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Negrito Religions: Negritos of the Andaman Islands


The Andaman Negritos are extremely primitive hunter-gatherers representing a prelithic stage of cultural development. They fall into two separate divisions, the Great Andamanese and the Onge-Jarawa-Sentinelese. As a result of colonization and the introduction of syphilis and other diseases, the Great Andamanese tribes have already become extinct; only a hybrid group of some twenty-eight individuals survives on a tiny islet called Strait Island. The Jarawa and the Sentinelese live in complete isolation and eschew all external contacts. Consequently, nothing is known about their religion. The remaining tribe, the Onge, lives on Little Andaman Island.

The universe as conceived by the Onge is a multilayered structure with Little Andaman at its center. There are six layers above Little Andaman and six layers below, and each is inhabited by a different class of spirit. These spirits are neither divine nor immaterial. They eat, drink, marry, multiply, and die just like human beings. The most important among them are the onkoboykwe, a class of benevolent spirit inhabiting the first layer above Little Andaman, and the eaka, a class of harmful spirit living immediately beneath the island. Above the Onge universe there is a limitless void and below there is Kwatannange, the primary sea, which is full of turtles.

The sun, moon, stars, and clouds are believed to be the creation of the onkoboykwe. The Onge do not personify and worship the heavenly bodies. There are two monsoons in the Andamans, the southwest and the northeast; spirits living in distant islands across the sea send the monsoonal winds.

The Onge believe that one's life after death depends on how a person has met his death. If he dies of illness, he becomes an eaka and goes below the earth. If an Onge is killed by a wild boar, by snakebite, or by a fall from a tree, he becomes an onkoboykwe and lives above the sky. If drowned, he becomes a sea spirit.

The Onge hold that all non-Negrito people are the spirits of dead Onges. The term inene is collectively applied to them. In the event of death from illness, one day before the emergence of eaka from the dead body, another miniature human form called embekete comes out from the corpse and swims across the sea to the land of inene where he soon transforms himself into another inene. Thus, according to the Onge, we the outsiders were Onge in our previous birth. The belief in the existence of two spirits, embekete and eaka, in one individual probably emanated from their attempts to rationalize the origin of non-Negritos and find a place for them in their scheme of the universe.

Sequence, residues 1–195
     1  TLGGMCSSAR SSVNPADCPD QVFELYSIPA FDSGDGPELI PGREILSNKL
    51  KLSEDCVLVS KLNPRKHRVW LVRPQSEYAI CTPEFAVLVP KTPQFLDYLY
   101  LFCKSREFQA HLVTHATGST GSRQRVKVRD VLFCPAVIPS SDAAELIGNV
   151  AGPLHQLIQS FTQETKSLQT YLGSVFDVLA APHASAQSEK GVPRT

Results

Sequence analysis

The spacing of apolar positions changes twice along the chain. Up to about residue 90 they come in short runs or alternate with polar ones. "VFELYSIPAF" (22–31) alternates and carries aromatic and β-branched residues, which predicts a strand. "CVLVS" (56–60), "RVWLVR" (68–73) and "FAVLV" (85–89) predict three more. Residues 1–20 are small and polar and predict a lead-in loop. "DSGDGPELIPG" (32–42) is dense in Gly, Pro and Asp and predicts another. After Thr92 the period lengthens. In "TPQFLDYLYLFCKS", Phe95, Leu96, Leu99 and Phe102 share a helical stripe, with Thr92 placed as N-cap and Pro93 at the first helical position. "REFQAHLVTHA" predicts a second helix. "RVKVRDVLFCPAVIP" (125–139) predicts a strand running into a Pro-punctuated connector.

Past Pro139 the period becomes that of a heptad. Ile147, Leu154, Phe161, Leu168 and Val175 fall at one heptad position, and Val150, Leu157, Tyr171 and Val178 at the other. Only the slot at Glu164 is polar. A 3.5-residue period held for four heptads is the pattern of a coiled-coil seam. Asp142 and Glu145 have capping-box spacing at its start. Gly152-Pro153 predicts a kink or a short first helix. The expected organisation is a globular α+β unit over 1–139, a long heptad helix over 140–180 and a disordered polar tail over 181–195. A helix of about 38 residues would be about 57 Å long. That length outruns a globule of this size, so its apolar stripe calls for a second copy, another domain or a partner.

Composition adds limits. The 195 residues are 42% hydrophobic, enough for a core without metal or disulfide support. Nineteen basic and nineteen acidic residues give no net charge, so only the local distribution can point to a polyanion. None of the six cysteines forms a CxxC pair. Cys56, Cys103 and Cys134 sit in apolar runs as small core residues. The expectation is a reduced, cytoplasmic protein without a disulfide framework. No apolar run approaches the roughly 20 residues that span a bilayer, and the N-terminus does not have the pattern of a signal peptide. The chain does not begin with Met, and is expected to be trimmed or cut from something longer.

From the fragmentary data that are available on the religion of the Great Andamanese, it appears that they, like the Onge, believed in different classes of spirit living above the sky, below the earth, and in the sea. There is, however, an important difference between the Great Andamanese and the Onge. The former believed that the sun was the wife of the moon and that the stars were their children, whereas the Onge hold that the sun and the moon are flat, disc-shaped, inanimate things created by the onkoboykwe. Concepts of a superior spirit or high god, heaven and hell, virtue and sin, are conspicuously absent among the Andaman Negritos.


Although the literature on the religious life of the Andamanese Negritos is small, the reader may profitably consult John M. Cooper's "Andamanese-Semang-Eta Cultural Relations," Primitive Man (now Anthropological Quarterly ) 13 (April 1940): 2947.

New Sources

Basu, Badal Kumar. The Onge, Negrito Hunter-Gatherers of Little Andaman. Calcutta, 1990.

Ghosal, Samit. "Past and Present of the Negrito Tribes in the Andaman Islands: A Critical Appraisal." Journal of the Anthropological Survey of India (Calcutta) 43, no. 12 (1994): 2530.

Sudarsen, V., and D. Venkatesan. "Life Cycle Ceremonies among the Onge of Little Andaman." In Religion and Society in South India: A Volume in Honour of Prof. N. Subba Reddy, edited by V. Sudarsen, G. Prakash Reddy, and M. Suryanarayana, pp. 163173. Delhi, 1987.

Pranab Ganguly (1987)

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